As a freshman in college I “placed” into a junior level class called “A Survey of World Literature.” Because I had done well in English in high school – AP classes, A grades, loved to read, wrote stories and poems – I thought myself quite ready to compete with college students two years my elder. It was an English class; I spoke that language, right? It would be a breeze.
“World Literature” was taught by an older male professor who was, in my not-so-humble-opinion, a “misogynist”. It seemed to me then, and now, that it was odd for a person who so disliked women to be teaching at an all women’s college but there it was. He spoke in a biting, abrasive tone and did not tolerate fools gladly. I bonded with the only other freshman in the class (still a friend today) and as I recall, we sat in the back row, looking down intently at our notebooks, hoping to avoid the professor’s eye so he would not call on us. (This was a skill I later practiced to perfection in law school. But I digress.)
We started off the year with Plato, then Homer and then Dante. Pretty quickly I realized I was in way over my head.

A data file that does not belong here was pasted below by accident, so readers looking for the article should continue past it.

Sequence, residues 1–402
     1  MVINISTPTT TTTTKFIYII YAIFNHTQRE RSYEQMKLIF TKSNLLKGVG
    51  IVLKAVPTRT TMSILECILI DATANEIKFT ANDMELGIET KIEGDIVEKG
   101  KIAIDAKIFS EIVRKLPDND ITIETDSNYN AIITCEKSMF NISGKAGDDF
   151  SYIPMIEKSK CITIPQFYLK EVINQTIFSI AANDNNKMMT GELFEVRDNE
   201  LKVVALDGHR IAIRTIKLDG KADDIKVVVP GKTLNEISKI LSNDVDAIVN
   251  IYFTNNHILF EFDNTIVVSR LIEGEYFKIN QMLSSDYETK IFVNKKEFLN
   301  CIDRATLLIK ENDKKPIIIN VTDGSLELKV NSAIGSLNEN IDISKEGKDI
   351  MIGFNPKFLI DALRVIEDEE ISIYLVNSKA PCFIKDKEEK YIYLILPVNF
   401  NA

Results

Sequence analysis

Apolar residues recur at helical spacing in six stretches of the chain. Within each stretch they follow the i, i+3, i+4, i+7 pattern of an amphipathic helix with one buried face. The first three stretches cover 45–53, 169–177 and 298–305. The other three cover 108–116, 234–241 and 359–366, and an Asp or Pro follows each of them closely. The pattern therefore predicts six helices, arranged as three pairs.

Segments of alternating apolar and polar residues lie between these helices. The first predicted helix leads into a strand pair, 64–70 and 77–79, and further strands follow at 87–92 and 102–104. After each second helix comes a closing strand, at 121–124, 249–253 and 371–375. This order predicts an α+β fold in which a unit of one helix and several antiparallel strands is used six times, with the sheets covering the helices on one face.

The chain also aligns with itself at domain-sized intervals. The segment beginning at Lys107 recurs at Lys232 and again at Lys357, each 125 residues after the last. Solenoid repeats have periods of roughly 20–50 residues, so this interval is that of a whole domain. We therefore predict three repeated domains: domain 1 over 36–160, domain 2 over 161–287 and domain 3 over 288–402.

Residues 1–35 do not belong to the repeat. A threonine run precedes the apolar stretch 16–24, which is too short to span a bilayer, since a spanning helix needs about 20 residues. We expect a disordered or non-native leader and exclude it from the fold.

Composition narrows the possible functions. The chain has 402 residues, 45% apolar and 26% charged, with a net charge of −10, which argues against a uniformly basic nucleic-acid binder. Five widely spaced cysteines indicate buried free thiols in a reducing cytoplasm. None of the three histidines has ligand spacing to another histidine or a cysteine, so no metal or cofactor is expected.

After we wrote our first essays, the professor asked each of us to meet with him during his office hours.
You have to picture me as I was then. Very Susie Student Council, straight as an arrow (marijuana, what’s that?) but with a hint of a rebellious streak, not fond of following authority but knew it was better to do so. Preppy shirts, cable-knit sweaters, knee socks. I looked like the naïve freshman I was.
After I sat down in the professor’s office, he asked me:
“Miss Wolf, where you were born?”
Good, I knew the answer to this one!
“Bridgeport, Connecticut,” I replied.
“Is that so?” he said, as his voice dipped acidly, “I find that hard to believe because your essay reads like it was written by someone who just got off the boat from Bulgaria.”
Although I probably wasn’t so sure back then where Bulgaria was, I knew that was not a compliment.
And let’s just say that soon after that office meeting it became evident that I was not going to be an English major.